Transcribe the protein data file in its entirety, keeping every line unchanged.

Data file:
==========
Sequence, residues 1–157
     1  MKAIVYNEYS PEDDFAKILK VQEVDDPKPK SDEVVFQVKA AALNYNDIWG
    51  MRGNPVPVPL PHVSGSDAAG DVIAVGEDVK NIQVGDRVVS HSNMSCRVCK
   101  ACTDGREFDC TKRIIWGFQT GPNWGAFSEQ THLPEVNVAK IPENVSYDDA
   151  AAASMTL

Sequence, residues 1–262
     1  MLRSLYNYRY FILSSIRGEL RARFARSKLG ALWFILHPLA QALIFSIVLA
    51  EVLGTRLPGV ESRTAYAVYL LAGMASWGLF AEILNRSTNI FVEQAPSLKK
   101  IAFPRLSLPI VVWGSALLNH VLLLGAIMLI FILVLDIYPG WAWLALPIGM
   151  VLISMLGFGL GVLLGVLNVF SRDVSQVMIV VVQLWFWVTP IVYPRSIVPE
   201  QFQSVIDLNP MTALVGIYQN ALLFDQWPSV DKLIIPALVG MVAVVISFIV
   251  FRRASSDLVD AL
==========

Sequence, residues 1–157
     1  MKAIVYNEYS PEDDFAKILK VQEVDDPKPK SDEVVFQVKA AALNYNDIWG
    51  MRGNPVPVPL PHVSGSDAAG DVIAVGEDVK NIQVGDRVVS HSNMSCRVCK
   101  ACTDGREFDC TKRIIWGFQT GPNWGAFSEQ THLPEVNVAK IPENVSYDDA
   151  AAASMTL

Sequence, residues 1–262
     1  MLRSLYNYRY FILSSIRGEL RARFARSKLG ALWFILHPLA QALIFSIVLA
    51  EVLGTRLPGV ESRTAYAVYL LAGMASWGLF AEILNRSTNI FVEQAPSLKK
   101  IAFPRLSLPI VVWGSALLNH VLLLGAIMLI FILVLDIYPG WAWLALPIGM
   151  VLISMLGFGL GVLLGVLNVF SRDVSQVMIV VVQLWFWVTP IVYPRSIVPE
   201  QFQSVIDLNP MTALVGIYQN ALLFDQWPSV DKLIIPALVG MVAVVISFIV
   251  FRRASSDLVD AL